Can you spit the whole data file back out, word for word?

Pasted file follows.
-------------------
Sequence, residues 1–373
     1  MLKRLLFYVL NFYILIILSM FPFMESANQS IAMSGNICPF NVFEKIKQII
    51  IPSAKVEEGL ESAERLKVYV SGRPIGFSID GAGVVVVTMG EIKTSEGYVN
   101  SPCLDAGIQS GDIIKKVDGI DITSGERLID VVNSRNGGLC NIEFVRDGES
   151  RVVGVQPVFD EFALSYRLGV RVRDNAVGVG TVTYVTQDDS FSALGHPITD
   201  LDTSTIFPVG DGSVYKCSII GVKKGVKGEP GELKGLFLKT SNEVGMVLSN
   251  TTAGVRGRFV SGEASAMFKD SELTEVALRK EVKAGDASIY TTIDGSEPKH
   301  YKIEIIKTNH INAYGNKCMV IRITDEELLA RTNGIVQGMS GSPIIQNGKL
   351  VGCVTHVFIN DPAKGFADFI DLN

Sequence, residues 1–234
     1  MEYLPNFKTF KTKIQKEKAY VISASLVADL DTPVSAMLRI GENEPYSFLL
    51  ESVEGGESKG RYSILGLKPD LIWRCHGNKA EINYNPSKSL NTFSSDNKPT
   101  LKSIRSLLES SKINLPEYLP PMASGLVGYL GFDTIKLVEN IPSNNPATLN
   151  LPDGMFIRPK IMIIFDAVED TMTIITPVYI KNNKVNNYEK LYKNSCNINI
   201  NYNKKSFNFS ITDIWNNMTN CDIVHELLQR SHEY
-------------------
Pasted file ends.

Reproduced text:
Sequence, residues 1–373
     1  MLKRLLFYVL NFYILIILSM FPFMESANQS IAMSGNICPF NVFEKIKQII
    51  IPSAKVEEGL ESAERLKVYV SGRPIGFSID GAGVVVVTMG EIKTSEGYVN
   101  SPCLDAGIQS GDIIKKVDGI DITSGERLID VVNSRNGGLC NIEFVRDGES
   151  RVVGVQPVFD EFALSYRLGV RVRDNAVGVG TVTYVTQDDS FSALGHPITD
   201  LDTSTIFPVG DGSVYKCSII GVKKGVKGEP GELKGLFLKT SNEVGMVLSN
   251  TTAGVRGRFV SGEASAMFKD SELTEVALRK EVKAGDASIY TTIDGSEPKH
   301  YKIEIIKTNH INAYGNKCMV IRITDEELLA RTNGIVQGMS GSPIIQNGKL
   351  VGCVTHVFIN DPAKGFADFI DLN

Sequence, residues 1–234
     1  MEYLPNFKTF KTKIQKEKAY VISASLVADL DTPVSAMLRI GENEPYSFLL
    51  ESVEGGESKG RYSILGLKPD LIWRCHGNKA EINYNPSKSL NTFSSDNKPT
   101  LKSIRSLLES SKINLPEYLP PMASGLVGYL GFDTIKLVEN IPSNNPATLN
   151  LPDGMFIRPK IMIIFDAVED TMTIITPVYI KNNKVNNYEK LYKNSCNINI
   201  NYNKKSFNFS ITDIWNNMTN CDIVHELLQR SHEY